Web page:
For example, a meaningless differentiation used by 9 out of 10 companies is:

“The highest quality at the lowest price!”

An Amazon store called Best Quality Lower Price.
An Amazon store called Best Quality Lower Price. I wouldn’t be surprised if, when you click on it, this store had closed…
Source: Amazon’s “Low Price Best Quality.”

This phrase, used by a huge number of companies, is incredibly weak because not only is it not exclusive – as it can be attributed to any business – but it also fails to define the company’s philosophy, explain its purpose, or show what motivates the owner to get up every day and differentiate from the competition.

However, it just so happens that your customers want to know exactly these things.

Your customers want to understand who you are, what you do, and above all why you do it.

So, the key to creating your differentiation lies in understanding what your ideal customer really wants and striving to provide it better than anyone else.

Usually, creating a differentiating phrase isn’t the easiest thing because it requires in-depth analysis and multiple trial and error attempts before discovering what really works.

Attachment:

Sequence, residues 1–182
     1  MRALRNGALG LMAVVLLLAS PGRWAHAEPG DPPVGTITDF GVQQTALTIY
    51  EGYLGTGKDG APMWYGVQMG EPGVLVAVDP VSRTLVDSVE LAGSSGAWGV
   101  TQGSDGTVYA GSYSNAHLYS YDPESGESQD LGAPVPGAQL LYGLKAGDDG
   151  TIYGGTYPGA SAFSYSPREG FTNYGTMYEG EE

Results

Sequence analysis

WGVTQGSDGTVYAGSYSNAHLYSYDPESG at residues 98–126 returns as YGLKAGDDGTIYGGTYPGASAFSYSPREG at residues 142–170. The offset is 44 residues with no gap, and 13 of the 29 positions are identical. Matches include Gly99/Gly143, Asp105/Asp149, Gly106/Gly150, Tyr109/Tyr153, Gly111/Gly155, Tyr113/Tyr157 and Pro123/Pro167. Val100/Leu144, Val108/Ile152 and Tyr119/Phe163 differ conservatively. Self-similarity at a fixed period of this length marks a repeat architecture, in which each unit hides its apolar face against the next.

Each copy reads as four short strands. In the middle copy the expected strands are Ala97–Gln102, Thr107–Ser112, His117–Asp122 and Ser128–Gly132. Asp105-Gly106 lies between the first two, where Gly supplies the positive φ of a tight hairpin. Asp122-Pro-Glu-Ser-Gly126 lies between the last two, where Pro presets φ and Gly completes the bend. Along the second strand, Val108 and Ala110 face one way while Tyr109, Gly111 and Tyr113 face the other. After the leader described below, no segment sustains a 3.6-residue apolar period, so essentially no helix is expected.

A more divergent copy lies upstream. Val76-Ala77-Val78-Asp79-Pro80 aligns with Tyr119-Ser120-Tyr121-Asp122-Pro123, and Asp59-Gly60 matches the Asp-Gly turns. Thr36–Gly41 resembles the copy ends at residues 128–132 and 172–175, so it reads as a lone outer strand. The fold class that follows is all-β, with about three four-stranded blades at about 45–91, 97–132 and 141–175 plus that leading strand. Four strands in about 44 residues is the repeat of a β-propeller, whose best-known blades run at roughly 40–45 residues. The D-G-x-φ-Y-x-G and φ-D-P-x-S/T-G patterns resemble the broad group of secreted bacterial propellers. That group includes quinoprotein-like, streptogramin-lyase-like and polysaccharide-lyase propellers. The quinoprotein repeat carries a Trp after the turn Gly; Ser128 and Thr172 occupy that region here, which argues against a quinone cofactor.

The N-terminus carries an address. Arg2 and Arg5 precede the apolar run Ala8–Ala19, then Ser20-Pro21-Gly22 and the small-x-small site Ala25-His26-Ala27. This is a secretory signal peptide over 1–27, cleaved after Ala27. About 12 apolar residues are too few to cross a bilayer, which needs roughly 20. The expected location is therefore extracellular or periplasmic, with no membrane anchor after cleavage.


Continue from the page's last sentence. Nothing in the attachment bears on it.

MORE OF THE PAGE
But you can consider yourself lucky: you’ve found this blog post, which will now guide you through a step-by-step process to discover your unique and differentiating idea.

Step-by-Step Procedure to Differentiate Your Business from Competitors

Once, to understand how to stand out from competitors, companies used to ask consumers to take part in surveys, where they were asked about their purchasing preferences and what they would like to see improved both by a particular company and by the entire industry.

Back then, the world was still analog, and there were no other methods for conducting in-depth market research.

Unfortunately, this outdated and ineffective method for gathering important data is still being taught today by various scammers through their basic and full of vague and wrong concepts business courses costing thousands of dollars.